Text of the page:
Artificial defences in coastal marine ecosystems in Chile: Opportunities for spatial planning to mitigate habitat loss and alteration of the marine community structure

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Abstract

Many coastal habitats are actually replaced with hard infrastructures which alter the taxonomic/functional structure of natural ecosystems worldwide. Few information about habitat loss and species composition in South American coasts are available compared with other coasts. Here, I examine the distribution and identity of coastal artificial infrastructures, especially artificial breakwaters, present along the coast of Chile and the proportion of natural habitat loss derived from their construction. Differences in species taxonomic/functional composition in artificial breakwaters and natural habitats present in northern Chile are also examined. I also propose/discuss opportunities for coastal planning based on habitat rehabilitation and ecological engineering in Chile, which could guide future marine infrastructures construction. An important proportion of natural habitat has been replaced by artificial coastal defences along the coast of Chile, accounting for about 200 km of total coastal length. Given their specific uses and functions, artificial granite breakwaters are one of the most important coastal infrastructures present in Chile (62% of the total of artificial breakwaters present). Differences in taxonomic/functional structure between artificial breakwaters and natural adjacent habitats are significant, and appear related to contrasting spatial heterogeneity. Artificial infrastructures like granite breakwaters can facilitate presence of native and non-native species, which live in the marine-terrestrial interphase (crabs, rats). The present study highlights how the recent proliferation of coastal artificial infrastructures is replacing important natural habitats in Chile, and how the taxonomic/functional structure of coastal ecosystems can be negatively impacted. Furthermore, this study showed how artificial infrastructures can have direct consequences for human-health security and specific guidelines can be conducted to buffer impacts on ecosystem structure to match social livelihood and wellness.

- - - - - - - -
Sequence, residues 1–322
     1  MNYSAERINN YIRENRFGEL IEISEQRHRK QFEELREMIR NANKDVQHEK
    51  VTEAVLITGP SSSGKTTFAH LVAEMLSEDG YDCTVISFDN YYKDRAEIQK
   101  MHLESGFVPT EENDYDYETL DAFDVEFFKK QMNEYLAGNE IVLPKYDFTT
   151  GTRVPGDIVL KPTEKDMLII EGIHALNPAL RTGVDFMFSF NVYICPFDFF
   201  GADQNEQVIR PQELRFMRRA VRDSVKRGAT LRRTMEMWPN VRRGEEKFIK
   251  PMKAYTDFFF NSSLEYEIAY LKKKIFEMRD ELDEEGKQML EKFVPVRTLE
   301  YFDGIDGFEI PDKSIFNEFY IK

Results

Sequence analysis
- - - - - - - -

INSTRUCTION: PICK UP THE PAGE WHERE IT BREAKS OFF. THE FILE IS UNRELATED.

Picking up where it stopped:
Original languageEnglish
Pages (from-to)601-610
Number of pages10
JournalEcological Engineering
Volume120
DOIs
StatePublished - Sep 2018

Keywords

  • Chile
  • Coastal ecosystem
  • Functional structure
  • Habitat loss
  • Rehabilitation

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